NEW YORK - The last man convicted of attacking women in Central Park last summer after the National Puerto Rican Day Parade was sentenced to five years Friday, the longest prison term resulting from the melee.
Abel Ortiz, 24, of the Bronx was captured on videotape amid a crowd of rowdy, shirtless men who groped, stripped and sexually abused seven women.
Overall, 50 women were attacked by the mob and 20 testified at the trial of Ortiz and two other defendants; one was acquitted and the other was sentenced to a minimum of 2 1/2 years in prison, bringing the total number of men convicted to 18.
In a statement before sentencing, Ortiz insisted again Friday that he had not joined the mob and that he had been trying to help the women shown in the videotape by creating a distraction so that they could escape.
But in some videotape shown to the jury, Ortiz appeared to be ushering men toward potential victims.
Justice Bernard J. Fried of state Supreme Court in Manhattan was not swayed by Ortiz's argument.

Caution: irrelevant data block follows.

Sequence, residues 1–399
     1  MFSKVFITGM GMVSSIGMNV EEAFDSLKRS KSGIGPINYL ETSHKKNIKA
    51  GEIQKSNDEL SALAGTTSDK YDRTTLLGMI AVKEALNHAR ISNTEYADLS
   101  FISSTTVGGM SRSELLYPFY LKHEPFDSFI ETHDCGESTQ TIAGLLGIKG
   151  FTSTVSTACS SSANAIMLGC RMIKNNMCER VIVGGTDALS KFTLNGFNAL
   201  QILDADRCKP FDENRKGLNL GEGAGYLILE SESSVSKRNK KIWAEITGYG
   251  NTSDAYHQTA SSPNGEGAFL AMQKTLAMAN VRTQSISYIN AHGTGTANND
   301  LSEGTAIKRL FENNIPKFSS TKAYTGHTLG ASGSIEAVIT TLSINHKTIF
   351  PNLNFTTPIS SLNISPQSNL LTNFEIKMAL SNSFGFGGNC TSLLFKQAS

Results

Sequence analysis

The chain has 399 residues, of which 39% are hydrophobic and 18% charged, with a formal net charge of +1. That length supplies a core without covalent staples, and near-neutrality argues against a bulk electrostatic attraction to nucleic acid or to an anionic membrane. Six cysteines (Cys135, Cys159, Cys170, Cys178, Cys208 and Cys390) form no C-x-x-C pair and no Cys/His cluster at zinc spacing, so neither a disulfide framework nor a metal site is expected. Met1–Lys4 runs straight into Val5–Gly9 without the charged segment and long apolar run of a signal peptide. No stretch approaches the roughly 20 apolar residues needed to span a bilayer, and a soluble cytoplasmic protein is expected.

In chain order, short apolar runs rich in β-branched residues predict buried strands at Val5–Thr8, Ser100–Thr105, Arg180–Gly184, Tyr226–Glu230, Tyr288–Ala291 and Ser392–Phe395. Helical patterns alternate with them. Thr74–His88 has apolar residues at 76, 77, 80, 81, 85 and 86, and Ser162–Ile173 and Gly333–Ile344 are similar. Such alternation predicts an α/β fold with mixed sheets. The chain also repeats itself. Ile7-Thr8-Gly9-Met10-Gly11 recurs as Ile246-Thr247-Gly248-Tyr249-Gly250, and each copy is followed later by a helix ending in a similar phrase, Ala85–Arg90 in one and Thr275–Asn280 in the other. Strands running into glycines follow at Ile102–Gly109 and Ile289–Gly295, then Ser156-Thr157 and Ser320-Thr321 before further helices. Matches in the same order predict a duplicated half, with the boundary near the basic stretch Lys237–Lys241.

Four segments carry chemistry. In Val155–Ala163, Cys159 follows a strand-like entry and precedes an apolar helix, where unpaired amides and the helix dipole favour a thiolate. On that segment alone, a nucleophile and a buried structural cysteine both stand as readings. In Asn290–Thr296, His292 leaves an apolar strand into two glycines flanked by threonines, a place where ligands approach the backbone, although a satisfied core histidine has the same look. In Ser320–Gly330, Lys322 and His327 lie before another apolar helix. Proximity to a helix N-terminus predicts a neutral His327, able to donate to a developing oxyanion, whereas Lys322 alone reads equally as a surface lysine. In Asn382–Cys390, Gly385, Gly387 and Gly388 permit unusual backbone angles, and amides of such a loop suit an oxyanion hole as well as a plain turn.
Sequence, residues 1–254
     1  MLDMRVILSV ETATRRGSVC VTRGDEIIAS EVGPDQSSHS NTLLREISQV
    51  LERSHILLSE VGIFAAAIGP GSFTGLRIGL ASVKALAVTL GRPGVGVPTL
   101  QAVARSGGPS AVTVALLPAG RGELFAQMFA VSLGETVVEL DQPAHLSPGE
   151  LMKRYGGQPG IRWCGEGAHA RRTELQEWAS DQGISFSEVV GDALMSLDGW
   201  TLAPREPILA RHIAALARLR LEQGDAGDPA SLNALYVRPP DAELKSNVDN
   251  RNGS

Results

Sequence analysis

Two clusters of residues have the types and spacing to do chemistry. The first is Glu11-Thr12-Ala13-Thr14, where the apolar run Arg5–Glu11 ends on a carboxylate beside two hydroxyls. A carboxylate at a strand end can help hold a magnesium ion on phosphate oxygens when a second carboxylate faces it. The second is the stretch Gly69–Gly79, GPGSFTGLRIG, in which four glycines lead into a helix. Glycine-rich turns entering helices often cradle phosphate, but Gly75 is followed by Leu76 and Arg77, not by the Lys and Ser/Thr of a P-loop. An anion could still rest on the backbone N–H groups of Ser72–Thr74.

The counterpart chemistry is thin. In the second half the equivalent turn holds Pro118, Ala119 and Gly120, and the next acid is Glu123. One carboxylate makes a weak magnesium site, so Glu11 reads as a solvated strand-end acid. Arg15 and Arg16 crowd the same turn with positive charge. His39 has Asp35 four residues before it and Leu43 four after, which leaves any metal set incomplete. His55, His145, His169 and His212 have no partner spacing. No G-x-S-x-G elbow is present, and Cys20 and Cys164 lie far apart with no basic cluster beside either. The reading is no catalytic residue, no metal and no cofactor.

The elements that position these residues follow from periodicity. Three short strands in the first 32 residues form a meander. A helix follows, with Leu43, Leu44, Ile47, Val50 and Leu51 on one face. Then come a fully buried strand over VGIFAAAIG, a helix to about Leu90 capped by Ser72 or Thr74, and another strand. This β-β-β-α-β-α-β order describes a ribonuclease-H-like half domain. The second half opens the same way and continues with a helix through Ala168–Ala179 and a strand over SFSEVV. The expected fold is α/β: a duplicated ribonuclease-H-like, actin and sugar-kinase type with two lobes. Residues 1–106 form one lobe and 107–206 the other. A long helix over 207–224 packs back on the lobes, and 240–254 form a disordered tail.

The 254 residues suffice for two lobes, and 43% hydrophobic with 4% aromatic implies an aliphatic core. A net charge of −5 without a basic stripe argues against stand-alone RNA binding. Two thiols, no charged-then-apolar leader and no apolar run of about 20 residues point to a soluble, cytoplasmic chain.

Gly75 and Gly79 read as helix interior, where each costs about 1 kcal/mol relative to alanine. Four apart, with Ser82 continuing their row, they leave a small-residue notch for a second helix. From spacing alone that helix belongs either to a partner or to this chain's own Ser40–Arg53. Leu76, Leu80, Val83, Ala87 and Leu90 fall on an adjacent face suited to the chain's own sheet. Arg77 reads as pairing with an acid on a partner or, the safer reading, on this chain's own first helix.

"The video shows your participation, directing men to where the women were," Fried said. "This was like a human fire burning out of control. You fueled the riot and kept it going."
Ortiz was convicted on seven counts of riot and seven counts of assault.
Speaking before the sentence was imposed, the assistant district attorney, Lisa Delpizzo, said Ortiz's arrogance and refusal to accept blame should earn him a stiff sentence.
"He portrayed himself as helping," she said.
During the trial, Ortiz told his attorney, Edward Hamlin, under direct questioning that he had tried to restrain the men. He said that in one moment seen on videotape, he was holding down a man's hand in an attempt to restrain him.
Another image from the videotape depicted Ortiz from the back with his shirt off and hands thrust in the air, appearing to join the melee.
But Ortiz said he was trying to create a distraction so that one woman could flee the crowd.
After being sentenced, Ortiz looked back at his friends and family and shook his head before being led away by court officers.